It was an idea bound to happen. Rodarte’s Kate and Laura Mulleavy have collaborated with portrait photographer Catherine Opie, as well as landscape photographer Alec Soth, on a fashion book that captures the relationship between the sisters’ bewitching aesthetic and the varied landscape of California, where they call home.
Although shooting fashion was “uncharted territory” for Opie, it only took one conversation with the sisters to get her on board. Opie snapped her tattooed friends in Rodarte gowns in Culver City over two 12-hour days in her unique aesthetic, which is to say, against bright backgrounds that serve to isolate and discomfit the subject. Meanwhile, Soth traveled throughout California and captured some of the more distinct places the duo has found inspiration.
Just days after showing their Vincent van Gogh-themed spring ’12 collection, the Mulleavys, along with Catherine Opie, discussed their concept for the book at an intimate gathering in the New York Public Library. Here, the most salient tidbits…
Laura Mulleavy: “When we started this book, we didn’t really understand what California meant to us. It was through working on it that every emotion we have, everything we create, is rooted in things that we’ve seen when we were exploring or traveling when we were younger, or even now.”
Kate Mulleavy: “I was thinking, How can we share a thought process with someone? It’s the thought process that’s visualized. I was a huge fan of Cathy’s. We met in a random situation, sitting next to each other at a dinner. She actually visualizes the landscape of our body of work, with the clothes telling a story.”
Catherine Opie: “I didn’t want to charter into fashion for the first time, which was uncharted territory. I talked to them about how the texture of their work hasn’t been shown before, but I wanted to portray it in detail, mapped out. So some moments are a portrait and some are a still life. It was important for me to use my friends because they are incredible-looking.”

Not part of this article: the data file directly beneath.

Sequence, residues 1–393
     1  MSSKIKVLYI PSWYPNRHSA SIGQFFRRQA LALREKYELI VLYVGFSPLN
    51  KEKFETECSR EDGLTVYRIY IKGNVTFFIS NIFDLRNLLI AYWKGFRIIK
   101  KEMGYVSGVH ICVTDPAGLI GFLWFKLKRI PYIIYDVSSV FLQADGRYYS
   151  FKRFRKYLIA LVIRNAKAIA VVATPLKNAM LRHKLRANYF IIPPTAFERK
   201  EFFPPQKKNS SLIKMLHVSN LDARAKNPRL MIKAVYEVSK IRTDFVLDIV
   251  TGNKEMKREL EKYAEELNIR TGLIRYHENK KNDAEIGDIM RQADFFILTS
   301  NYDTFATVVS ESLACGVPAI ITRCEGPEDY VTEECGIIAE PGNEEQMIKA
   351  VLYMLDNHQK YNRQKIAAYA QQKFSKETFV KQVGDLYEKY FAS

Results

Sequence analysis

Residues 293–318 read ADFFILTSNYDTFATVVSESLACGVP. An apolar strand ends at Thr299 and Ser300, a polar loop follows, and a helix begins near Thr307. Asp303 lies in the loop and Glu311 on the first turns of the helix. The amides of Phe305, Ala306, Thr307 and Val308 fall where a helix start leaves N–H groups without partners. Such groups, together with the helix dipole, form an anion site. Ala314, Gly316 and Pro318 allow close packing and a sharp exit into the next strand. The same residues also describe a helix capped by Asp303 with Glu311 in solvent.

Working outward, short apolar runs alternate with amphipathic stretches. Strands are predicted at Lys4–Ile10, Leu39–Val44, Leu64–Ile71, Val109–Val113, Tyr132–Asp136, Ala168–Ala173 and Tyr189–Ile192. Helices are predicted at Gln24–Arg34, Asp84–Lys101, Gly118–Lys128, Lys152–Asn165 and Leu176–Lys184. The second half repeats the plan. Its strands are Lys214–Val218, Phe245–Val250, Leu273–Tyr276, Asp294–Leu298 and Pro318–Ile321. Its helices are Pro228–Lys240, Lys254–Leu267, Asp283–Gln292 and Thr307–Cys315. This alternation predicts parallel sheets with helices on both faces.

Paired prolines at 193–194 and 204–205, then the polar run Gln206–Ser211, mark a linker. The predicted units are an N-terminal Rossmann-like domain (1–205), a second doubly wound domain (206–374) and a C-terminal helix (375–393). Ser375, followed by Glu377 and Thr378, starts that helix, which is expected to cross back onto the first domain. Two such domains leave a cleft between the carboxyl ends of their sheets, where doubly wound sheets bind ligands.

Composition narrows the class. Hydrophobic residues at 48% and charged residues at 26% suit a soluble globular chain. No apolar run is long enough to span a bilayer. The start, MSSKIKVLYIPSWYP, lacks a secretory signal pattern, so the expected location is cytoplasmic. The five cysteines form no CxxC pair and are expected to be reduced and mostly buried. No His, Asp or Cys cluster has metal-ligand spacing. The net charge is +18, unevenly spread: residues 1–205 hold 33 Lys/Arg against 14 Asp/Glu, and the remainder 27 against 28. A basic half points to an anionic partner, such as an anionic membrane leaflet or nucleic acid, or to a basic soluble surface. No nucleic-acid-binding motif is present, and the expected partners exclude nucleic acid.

Kate Mulleavy: “I think what people don’t understand is that even if you live in Los Angeles, at any moment you can get in your car and drive to Death Valley and you’re at the primordial bizarre. There’s no other place in the world like it, such an extreme landscape that that type of freedom registers, your ability to go to these extreme points.”
Laura Mulleavy: “Doing this book was really exciting because we had to work with clothing and understand it as a landscape and make it work with the landscape of California that was shot by Al Soth. It was interesting putting it all together. There’s a huge narrative here. Cathy and Al hadn’t talked to each other before or seen each other’s work, but the photographs put side-by-side really tell a similar story. I think that’s because what we do in our clothing is California, all of the colors and the land. You can’t remove that from each other.”
Kate Mulleavy: “We kept looking at this portrait [of Van Gogh’s mother] and there’s something similar to this crazy landscape that we live in. We took sun blots and transformed them into sunflowers. And there’s this connection between the idea of the stars [of California] and his painting Starry Night.”
Kate Mulleavy: “I feel like sometimes when we’re making things and figuring out how to tell a story, we really don’t know what the story is. Like the condor. A long time ago the symbol of America was down to the bald eagle or the condor. And although it’s this crazy creature, the condor apparently didn’t have the same PR company that the eagle had. But we were curious because they’re native to where we’re from and they’re larger than the eagle in terms of wingspan. There’s so many different versions of what makes something beautiful.”